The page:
If you live in a rural region of the UK, some distance away from the nearest telephone exchange, your options for rapid internet connectivity have historically been limited.
The latter has often provided superior connection speeds to anything available over Openreach’s legacy network of copper telephone cables.
However, the age of 4G wireless broadband may be drawing to a close, as the UK’s big four mobile networks increasingly turn their attention to next-generation 5G coverage.
Three, 4, can I have a little more?
Earlier this year, Three confirmed it was restricting 4G broadband sales to residential customers in certain areas.
And while this was described as a temporary move, it’s interesting that where 4G services don’t appear in certain postcode searches, newer 5G services are still being advertised.
This reflects a wider focus among mobile networks towards the rollout of 5G services – albeit mainly in urban areas for now.
Three offers 5G mobile home broadband in almost 200 locations around the UK, which is impressive considering its service only launched 18 months ago.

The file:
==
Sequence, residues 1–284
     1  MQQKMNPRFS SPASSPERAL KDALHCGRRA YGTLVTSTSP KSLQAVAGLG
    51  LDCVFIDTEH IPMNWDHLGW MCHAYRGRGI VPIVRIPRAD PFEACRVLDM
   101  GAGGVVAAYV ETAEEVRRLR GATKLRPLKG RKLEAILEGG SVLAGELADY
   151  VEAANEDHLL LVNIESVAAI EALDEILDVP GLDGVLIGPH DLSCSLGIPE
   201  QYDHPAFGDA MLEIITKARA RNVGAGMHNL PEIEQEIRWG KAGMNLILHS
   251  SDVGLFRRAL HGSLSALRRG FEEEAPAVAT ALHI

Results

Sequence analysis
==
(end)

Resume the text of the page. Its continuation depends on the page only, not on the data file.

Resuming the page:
However, in terms of attainable mobile broadband speeds, Three is eclipsed by BT subsidiary EE.
EE is the only network to achieve average data transfer speeds of over 100Mbps in each of the UK’s 16 most populous cities, according to RootMetrics data published last month.
These speeds are far in excess of anything residents could expect via Fibre to the Cabinet (FTTC) connections, let alone sluggish ADSL connections carried over copper phone cables.
It also puts 4G connectivity in the shade.
Something old, something new
For all its merits, 4G wireless broadband connection speeds are left in the dust by both 5G and the new generation of hyperfast Fibre to the Premises (FTTP) cable broadband services.
Like other venerable but outmoded technologies, 4G faces a slow slide into obsolescence.
Ofcom’s long-delayed auction of additional 5G bandwidth will finally allow mobile networks to harness the far superior speeds achievable by combining high- and low-frequency signals.
This should eliminate the data drop-outs 4G customers sometimes experience in busy areas or at peak times, while simultaneously delivering far quicker upload/download speeds.
There might actually be some short-term improvements in 4G connectivity, as customer migration to 5G reduces pressure on existing 4G bandwidth.
And of course 4G will remain vital for people who simply can’t access fifth-generation cellular services.
Even O2 only has coverage in 71 major towns and cities, with very limited rural coverage according to the 5G.co.uk website.
At the other end of the spectrum, Vodafone has reached a paltry 41 towns and cities at the time of writing.
So while the end of the 4G wireless internet era is undoubtedly approaching, it’s still some distance away.